The amendments to §177.18 (Subchapter E), concerning Purpose and Scope, and §177.20, concerning Call Coverage Minimum Requirements, and repeal of §177.19, concerning Definitions, provide a more flexible framework for call coverage agreements between physicians practicing in Texas so as to provide continuity of care to patients during a regular treating physician’s absence, while ensuring the covering physician’s accountability for meeting the standard of care and documenting the care provided during the call coverage period. The amendments eliminate the two-model approach under §177.20(b), allow all call coverage agreements to be contracted orally or in writing, and eliminate the requirement that certain agreements require real-time access to a patient’s medical records at the time of the call coverage period.

    PROCEDURAL RULES

    The amendments to §187.21(a), concerning Board and District Review Committee Members Participation, and §187.44(3), concerning Probationer Show Compliance Proceedings, correct the title of the reference to §187.18 of this chapter, which was recently changed to “ISC Scheduling, Process, and Procedures.”

    The amendment to §187.76(c)(3), concerning Notice of Intention to Impose Administrative Penalty; Response, removes the undefined term “informal meeting” and replaces it with “ISC,” which is defined in §187.2 of this chapter (relating to Definitions). The amendment to §187.79, concerning Personal Appearance at an Informal Meeting, changes the title to “Personal Appearance at an ISC,” as “Informal Meeting” is not a defined term and “ISC” is a defined term and is the correct reference within the rule. The amendment in subsection (a) corrects the reference to “informal meeting” and replaces it with “ISC.” The amendment in subsection (b) also corrects the reference to “informal meeting” and replaces it with “ISC” and corrects the title of the reference to §187.18 of this chapter, which was recently changed to “ISC Scheduling, Process, and Procedures.” The amendment to §187.80(c), concerning Imposition of Administrative Penalty, removes the undefined term “informal meeting” and replaces it with “ISC,” which is defined in §187.2.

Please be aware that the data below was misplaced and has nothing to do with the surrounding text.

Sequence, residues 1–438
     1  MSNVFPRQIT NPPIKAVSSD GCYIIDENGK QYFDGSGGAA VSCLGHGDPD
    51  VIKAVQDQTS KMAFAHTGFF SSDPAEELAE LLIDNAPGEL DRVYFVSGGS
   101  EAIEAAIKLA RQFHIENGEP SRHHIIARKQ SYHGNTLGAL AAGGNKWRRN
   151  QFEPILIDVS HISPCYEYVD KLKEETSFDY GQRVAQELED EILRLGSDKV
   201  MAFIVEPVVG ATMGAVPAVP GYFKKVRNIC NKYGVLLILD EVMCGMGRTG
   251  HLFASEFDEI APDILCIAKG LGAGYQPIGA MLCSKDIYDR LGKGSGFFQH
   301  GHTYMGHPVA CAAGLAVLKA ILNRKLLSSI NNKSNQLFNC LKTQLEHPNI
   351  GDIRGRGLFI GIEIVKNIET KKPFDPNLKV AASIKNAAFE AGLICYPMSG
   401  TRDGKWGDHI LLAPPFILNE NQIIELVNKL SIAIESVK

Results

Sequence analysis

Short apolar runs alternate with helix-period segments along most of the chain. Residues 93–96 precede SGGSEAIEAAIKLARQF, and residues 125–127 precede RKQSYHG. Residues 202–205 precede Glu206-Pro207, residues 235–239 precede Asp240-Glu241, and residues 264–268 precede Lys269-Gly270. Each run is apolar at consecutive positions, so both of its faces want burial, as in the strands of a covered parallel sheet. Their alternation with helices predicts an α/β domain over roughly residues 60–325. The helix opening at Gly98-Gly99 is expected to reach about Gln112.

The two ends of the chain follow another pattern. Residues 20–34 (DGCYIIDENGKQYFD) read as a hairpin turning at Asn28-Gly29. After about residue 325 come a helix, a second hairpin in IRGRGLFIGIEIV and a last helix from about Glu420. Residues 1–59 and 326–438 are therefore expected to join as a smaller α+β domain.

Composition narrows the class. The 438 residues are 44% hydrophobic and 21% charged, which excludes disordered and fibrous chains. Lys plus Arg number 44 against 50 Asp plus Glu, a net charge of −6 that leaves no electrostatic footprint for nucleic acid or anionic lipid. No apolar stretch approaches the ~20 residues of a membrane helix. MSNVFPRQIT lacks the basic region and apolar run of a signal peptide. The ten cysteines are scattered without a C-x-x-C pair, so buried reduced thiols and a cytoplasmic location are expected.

COMPLIANCE PROGRAM

    The amendments to §189.11, concerning Process for Approval of Physicians, Other Professionals, Group Practices and Institutional Settings, eliminates the words “or remedial plan” from the provision describing the mechanism under which the Board may require a licensee to practice with an approved physician or other professional to serve as a proctor, monitor, or supervisor or in an approved group practice or institutional setting, as §164.0015 of the Texas Occupations Code states that Remedial Plans may not contain provisions that limit or restrict a licensee’s practice.

    ACUPUNCTURE

    The amendments to §183.4, concerning Licensure, add new language under subsection (a)(5) that allows an applicant for licensure to appear before the licensure committee of the Board to request reconsideration of the applicant’s ineligibility based on their failure to pass the NCCAOM examination within five attempts. Such amendment allows the Board discretion to reconsider such ineligibility determination. The proposed amendments delete obsolete language from subsection (a)(7). The proposed amendments to subsection (a)(9) provide an alternate mechanism to cure active practice issues faced by some licensure applicants. The remainder of the changes are corrections to punctuation and grammar.

    The amendments to §183.19, concerning Acupuncture Advertising, remove language requiring that an acupuncturist include their license number on print advertising. The amendments to §183.20, concerning Continuing Acupuncture Education, add language to subsection (b)(1) to clarify the criteria for the courses from which the requisite CAE hours are taken. The proposed amendment adds new subsection (b)(2) to specify the number of CAE hours and specific topics which must be taken each year. New subsection (b)(3) is added to clarify the number of CAE hours from courses approved under each category delineated under subsection (b)(1). Spelling corrections were made in subsections (h) and (o).